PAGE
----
Photo taken at Great Sand Dunes National Park, CO, 2020
on the fragility of time
for cello and voice (2020)
In the spring of 2020, the world saw itself in what seemed a never-ending stretch of tumultuous times. When my friend Elizabeth Kate Hall-Keough commissioned this piece in May of 2020, I began composing while paralyzed in a time of sorrow and turbulence, uncertainty and fear. For the several quarantined months that followed, time simply seemed so frail. Challenges continued to come to the forefront one after another, both across the world and among individual lives, and I couldn’t help but continuously question the meaning of time. In some ways, time seemed go to so much faster than I could keep up – the news got darker exponentially day by day. But in other ways, time seemed so much slower, so stretched out, with pain, fragility, weakness and vulnerability more acute and infinite.
Overall life felt inexplicably ever-changing, complex, and fluid. Quarantine made me realize how microscopically we live our life at times, both in an individual as well as communal sense. Time can make us selfish, or on the other hand, make us realize the ways in which we may not have been selfish enough. Our perception of time can be warped to intentionally include or exclude certain elements, both uplifting and painful. The feeling of suspended time, imposed by the pandemic, can rob us from a sense of purpose. And finally, love, or its absence, can manipulate the way we experience time.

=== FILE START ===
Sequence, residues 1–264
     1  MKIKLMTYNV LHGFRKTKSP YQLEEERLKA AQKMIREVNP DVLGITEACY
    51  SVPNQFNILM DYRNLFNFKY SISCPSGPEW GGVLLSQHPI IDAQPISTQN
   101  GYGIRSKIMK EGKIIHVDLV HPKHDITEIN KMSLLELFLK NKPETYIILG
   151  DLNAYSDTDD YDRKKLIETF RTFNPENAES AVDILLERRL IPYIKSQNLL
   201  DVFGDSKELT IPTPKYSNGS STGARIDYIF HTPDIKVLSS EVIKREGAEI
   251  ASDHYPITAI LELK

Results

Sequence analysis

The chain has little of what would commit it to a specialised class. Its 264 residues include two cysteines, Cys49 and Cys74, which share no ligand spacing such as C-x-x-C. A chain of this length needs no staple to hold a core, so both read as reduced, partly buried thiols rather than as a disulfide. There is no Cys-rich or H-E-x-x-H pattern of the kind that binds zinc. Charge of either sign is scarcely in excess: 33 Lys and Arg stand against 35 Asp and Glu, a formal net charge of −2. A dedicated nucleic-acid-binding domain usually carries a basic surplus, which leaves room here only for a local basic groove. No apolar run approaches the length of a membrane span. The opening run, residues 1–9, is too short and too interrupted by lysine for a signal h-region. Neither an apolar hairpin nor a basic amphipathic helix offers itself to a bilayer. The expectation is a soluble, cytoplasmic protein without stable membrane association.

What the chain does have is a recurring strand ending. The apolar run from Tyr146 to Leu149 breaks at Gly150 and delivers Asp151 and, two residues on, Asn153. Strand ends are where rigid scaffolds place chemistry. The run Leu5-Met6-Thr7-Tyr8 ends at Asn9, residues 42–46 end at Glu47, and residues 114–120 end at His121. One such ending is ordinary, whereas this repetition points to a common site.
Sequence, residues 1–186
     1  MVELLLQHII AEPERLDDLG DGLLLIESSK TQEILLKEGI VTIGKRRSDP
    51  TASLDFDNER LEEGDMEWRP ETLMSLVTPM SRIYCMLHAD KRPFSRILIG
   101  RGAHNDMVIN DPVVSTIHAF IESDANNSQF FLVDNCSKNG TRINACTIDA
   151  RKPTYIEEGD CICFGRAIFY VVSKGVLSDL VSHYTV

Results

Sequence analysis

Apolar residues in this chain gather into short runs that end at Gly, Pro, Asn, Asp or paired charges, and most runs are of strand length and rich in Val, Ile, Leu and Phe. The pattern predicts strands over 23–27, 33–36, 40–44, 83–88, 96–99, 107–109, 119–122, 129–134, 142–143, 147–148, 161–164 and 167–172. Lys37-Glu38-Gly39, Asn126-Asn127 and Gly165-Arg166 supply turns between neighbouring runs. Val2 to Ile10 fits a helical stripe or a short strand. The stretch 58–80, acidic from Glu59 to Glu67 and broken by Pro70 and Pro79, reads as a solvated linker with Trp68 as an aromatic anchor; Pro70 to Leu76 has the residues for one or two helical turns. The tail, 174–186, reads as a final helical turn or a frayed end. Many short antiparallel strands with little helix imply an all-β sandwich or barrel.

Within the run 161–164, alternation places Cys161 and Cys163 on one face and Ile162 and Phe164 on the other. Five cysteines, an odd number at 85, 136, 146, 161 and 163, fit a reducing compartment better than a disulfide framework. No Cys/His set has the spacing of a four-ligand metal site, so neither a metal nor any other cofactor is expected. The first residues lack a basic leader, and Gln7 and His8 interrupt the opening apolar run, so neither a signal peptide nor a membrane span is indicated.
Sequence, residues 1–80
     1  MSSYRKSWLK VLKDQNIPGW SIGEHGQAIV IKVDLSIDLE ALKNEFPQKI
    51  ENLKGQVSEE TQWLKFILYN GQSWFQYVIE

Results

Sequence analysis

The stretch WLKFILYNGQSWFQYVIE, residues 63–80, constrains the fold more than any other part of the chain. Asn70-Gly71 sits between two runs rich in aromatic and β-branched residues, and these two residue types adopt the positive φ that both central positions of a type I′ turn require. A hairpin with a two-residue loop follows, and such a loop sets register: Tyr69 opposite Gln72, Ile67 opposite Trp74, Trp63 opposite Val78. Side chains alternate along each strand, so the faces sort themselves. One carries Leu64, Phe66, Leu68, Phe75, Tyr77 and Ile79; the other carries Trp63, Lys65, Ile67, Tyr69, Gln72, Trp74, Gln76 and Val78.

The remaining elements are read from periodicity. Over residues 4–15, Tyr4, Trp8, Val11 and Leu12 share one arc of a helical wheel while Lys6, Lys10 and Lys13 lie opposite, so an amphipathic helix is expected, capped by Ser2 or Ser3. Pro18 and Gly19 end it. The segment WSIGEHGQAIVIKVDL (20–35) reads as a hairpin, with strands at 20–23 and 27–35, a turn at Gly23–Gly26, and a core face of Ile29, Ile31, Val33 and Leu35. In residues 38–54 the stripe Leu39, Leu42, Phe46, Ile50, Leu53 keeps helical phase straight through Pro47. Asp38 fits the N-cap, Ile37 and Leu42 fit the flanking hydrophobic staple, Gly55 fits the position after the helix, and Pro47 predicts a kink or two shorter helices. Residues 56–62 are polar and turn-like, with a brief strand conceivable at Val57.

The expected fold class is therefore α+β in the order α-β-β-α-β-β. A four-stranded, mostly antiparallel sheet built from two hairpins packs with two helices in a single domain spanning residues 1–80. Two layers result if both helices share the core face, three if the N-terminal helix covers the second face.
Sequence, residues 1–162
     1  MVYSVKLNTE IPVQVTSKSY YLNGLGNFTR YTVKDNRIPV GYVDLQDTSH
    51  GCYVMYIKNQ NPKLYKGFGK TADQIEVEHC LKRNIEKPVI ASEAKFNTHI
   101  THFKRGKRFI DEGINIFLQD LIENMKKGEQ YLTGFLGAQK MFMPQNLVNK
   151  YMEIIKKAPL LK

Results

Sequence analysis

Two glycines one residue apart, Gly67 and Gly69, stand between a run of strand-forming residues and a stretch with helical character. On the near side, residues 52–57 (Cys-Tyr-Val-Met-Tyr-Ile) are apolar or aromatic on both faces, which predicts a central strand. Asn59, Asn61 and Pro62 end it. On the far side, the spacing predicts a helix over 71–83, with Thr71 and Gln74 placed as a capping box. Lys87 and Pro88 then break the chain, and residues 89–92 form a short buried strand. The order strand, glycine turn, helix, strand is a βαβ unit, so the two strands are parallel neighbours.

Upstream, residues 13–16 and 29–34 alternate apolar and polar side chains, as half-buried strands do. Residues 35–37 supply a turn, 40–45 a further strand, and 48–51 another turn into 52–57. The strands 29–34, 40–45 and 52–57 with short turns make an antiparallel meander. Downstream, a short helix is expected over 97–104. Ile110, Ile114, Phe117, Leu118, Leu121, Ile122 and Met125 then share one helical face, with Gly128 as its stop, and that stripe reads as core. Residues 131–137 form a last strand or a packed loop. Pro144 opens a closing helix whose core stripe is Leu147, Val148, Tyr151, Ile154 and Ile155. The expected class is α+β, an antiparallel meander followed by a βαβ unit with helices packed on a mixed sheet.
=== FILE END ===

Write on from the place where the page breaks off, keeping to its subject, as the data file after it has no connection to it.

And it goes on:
on the fragility of time is, then, a meditation and reflection of these complicated sentiments. It is in part a lullaby – an attempt to comfort oneself in moments of deep darkness. But it's also pondering, haunting, and at moments harsh. On one hand, I composed intending for the audience to experience time literally slowing down as they listen, to lull the listener into subconscious meditation and self-reflection. But the piece is also one way of conveying the confusing, cluttered emotions and thoughts that have consciously and subconsciously plagued my mind over the last many months about myself, those around me, and our planet.
I feel very lucky to be able to process these complicated times from a distance, and recognize that I am only on the outskirts of the incredibly challenging experiences of those facing effects of the pandemic, systemic racism, natural disaster, violence, and more headfirst. This piece is not focused on capturing my own experience but rather seeks to create an environment that invites listeners to reflect on their own experiences. Working on this piece and collaborating with Elizabeth during a time where so much felt impossible was such a wonderful experience, and I am incredibly grateful for the opportunity to be creating music during this time.
October 24th, 2020 – Kulas Recital Hall, Oberlin Conservatory
March 2021 – Warner Hall, Oberlin Conservatory